Independent alternatives to popular third-party marketplaces like Amazon are emerging, and some distributors have found meaningful success selling through them. This has many executives wondering if they should build their own marketplaces.
We discussed this topic in an episode of Wholesale Change, our weekly live show.
What is a marketplace?
A marketplace is an ecommerce site where products or services are provided by third parties and transactions are processed by marketplace operators, such as Amazon or eBay. Instead of a classic distributor model, where you have one seller managing the inventory and the fulfillment, you have many sellers transacting in one location. Outside of Amazon, a few popular B2C and B2B marketplaces include:
- Google Shopping
The channel value proposition of using a marketplace is efficiency through superior assortment and a reduction in the number of transactions customers need to place. Marketplaces like Amazon Business bring together many manufacturers and distributors to sell their merchandise alongside the products the platform operator sells on its own.
A few examples of successful B2B marketplaces include:
- Digi-Key has built an electronic components industry marketplace on Mirakl software. They’ve become a destination for buyers looking for electronics, even just as an informational resource.
- Culitrade is a marketplace for the food equipment buying group SEFA (Supply and Equipment Foodservice Alliance). They offer a broad selection of products and services that couldn’t be offered by an individual company.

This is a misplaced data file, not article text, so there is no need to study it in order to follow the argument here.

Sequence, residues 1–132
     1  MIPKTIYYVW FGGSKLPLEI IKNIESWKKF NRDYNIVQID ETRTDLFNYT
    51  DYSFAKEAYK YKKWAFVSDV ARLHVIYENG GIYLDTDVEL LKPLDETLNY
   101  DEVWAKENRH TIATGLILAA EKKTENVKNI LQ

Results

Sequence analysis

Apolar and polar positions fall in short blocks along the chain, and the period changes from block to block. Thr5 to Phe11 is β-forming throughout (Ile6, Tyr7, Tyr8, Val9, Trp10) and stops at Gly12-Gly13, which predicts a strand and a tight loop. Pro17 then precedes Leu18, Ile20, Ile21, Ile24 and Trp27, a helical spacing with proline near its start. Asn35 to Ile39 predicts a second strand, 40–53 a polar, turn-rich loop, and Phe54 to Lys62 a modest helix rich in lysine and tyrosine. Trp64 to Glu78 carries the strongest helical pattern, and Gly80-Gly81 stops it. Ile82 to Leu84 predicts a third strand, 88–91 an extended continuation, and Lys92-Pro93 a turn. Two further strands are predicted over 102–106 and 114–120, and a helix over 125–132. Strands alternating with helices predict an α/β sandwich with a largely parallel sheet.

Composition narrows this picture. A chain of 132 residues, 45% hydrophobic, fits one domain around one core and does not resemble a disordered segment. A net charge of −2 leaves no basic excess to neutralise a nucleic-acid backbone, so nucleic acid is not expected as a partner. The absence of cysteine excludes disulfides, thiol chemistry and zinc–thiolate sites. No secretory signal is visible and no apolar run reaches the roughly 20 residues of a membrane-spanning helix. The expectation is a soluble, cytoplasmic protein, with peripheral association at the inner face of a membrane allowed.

- Zoro, an online division of Grainger, offers a supplier partner program for industrial supplies. Zoro touts a collaborative relationship “to reach new customers and increase sales.”
The popular notion concerning marketplaces is that they must span multiple verticals and provide an extraordinary assortment of millions of SKUs, and that single-vertical marketplaces won’t work. However, data suggests that this isn’t necessarily the case.
If you have a reasonable assortment of “stocking stuffers” along with your core vertical products, it may work. Buying groups like SEFA, for instance, are a natural fit for marketplaces because they operate using similar processes and have strong relationships in the industry. Also, marketplaces like Culitrade expose sellers to much less risk than “hybrid” marketplaces operated by merchants selling their own goods. It’s not possible for Culitrade to exploit its sellers’ data because it doesn’t carry inventory, offer fulfillment, etc. It operates the marketplace without competing with any of its sellers.
So … should you build your own marketplace?
Not every distributor can build its own marketplace. If they all tried, it would take us back to everyone running their own ecommerce websites and wouldn’t make much of a difference. Here are a few considerations:
- Multiple distributors can collaborate. The potential here depends on the sector, as some are more consolidated than others. In industrial supplies, for instance, the fragmented market means there’s a lot of room to introduce a marketplace. It also depends on the market and competitive landscape. What’s more, competitors will need to work together, share information, and discuss market size and dynamics to be successful.
- Marketplaces with the widest assortment may be the best candidates. For this, we mean assortment in terms of actual inventory, as opposed to access to product data.
- Buying groups may be a great foundation for marketplaces. They can provide a wide assortment, have strong supplier relationships, they are based on industry collaboration, and they follow similar processes.
Learn more in our episode of Wholesale Change, “Should You Build a Marketplace?”: